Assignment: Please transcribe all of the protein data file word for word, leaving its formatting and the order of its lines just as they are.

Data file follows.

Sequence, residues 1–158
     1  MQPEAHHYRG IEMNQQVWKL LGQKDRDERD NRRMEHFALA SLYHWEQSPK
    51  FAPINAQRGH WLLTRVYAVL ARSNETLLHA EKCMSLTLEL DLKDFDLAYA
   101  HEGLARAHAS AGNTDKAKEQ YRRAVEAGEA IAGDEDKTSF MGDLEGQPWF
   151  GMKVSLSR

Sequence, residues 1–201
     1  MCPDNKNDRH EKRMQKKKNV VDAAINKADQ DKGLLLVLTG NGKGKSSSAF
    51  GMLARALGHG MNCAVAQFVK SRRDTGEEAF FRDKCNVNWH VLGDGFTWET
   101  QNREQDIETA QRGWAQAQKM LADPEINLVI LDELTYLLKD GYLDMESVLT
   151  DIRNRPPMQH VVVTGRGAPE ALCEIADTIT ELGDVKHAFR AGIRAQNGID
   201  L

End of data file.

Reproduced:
Sequence, residues 1–158
     1  MQPEAHHYRG IEMNQQVWKL LGQKDRDERD NRRMEHFALA SLYHWEQSPK
    51  FAPINAQRGH WLLTRVYAVL ARSNETLLHA EKCMSLTLEL DLKDFDLAYA
   101  HEGLARAHAS AGNTDKAKEQ YRRAVEAGEA IAGDEDKTSF MGDLEGQPWF
   151  GMKVSLSR

Sequence, residues 1–201
     1  MCPDNKNDRH EKRMQKKKNV VDAAINKADQ DKGLLLVLTG NGKGKSSSAF
    51  GMLARALGHG MNCAVAQFVK SRRDTGEEAF FRDKCNVNWH VLGDGFTWET
   101  QNREQDIETA QRGWAQAQKM LADPEINLVI LDELTYLLKD GYLDMESVLT
   151  DIRNRPPMQH VVVTGRGAPE ALCEIADTIT ELGDVKHAFR AGIRAQNGID
   201  L